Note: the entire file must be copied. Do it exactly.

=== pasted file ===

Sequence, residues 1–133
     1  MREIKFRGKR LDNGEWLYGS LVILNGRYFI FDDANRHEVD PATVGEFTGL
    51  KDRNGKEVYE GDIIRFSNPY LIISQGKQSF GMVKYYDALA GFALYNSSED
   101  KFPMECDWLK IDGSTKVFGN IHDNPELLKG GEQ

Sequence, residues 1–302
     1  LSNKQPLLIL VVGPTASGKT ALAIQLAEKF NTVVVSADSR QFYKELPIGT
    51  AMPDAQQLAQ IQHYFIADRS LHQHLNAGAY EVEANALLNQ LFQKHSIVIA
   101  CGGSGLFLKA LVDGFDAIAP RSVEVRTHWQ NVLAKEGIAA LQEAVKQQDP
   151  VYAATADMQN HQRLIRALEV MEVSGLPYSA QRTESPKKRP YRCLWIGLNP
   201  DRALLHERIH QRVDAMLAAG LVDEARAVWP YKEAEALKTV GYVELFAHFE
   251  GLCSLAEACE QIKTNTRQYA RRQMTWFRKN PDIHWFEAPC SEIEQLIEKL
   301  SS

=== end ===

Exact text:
Sequence, residues 1–133
     1  MREIKFRGKR LDNGEWLYGS LVILNGRYFI FDDANRHEVD PATVGEFTGL
    51  KDRNGKEVYE GDIIRFSNPY LIISQGKQSF GMVKYYDALA GFALYNSSED
   101  KFPMECDWLK IDGSTKVFGN IHDNPELLKG GEQ

Sequence, residues 1–302
     1  LSNKQPLLIL VVGPTASGKT ALAIQLAEKF NTVVVSADSR QFYKELPIGT
    51  AMPDAQQLAQ IQHYFIADRS LHQHLNAGAY EVEANALLNQ LFQKHSIVIA
   101  CGGSGLFLKA LVDGFDAIAP RSVEVRTHWQ NVLAKEGIAA LQEAVKQQDP
   151  VYAATADMQN HQRLIRALEV MEVSGLPYSA QRTESPKKRP YRCLWIGLNP
   201  DRALLHERIH QRVDAMLAAG LVDEARAVWP YKEAEALKTV GYVELFAHFE
   251  GLCSLAEACE QIKTNTRQYA RRQMTWFRKN PDIHWFEAPC SEIEQLIEKL
   301  SS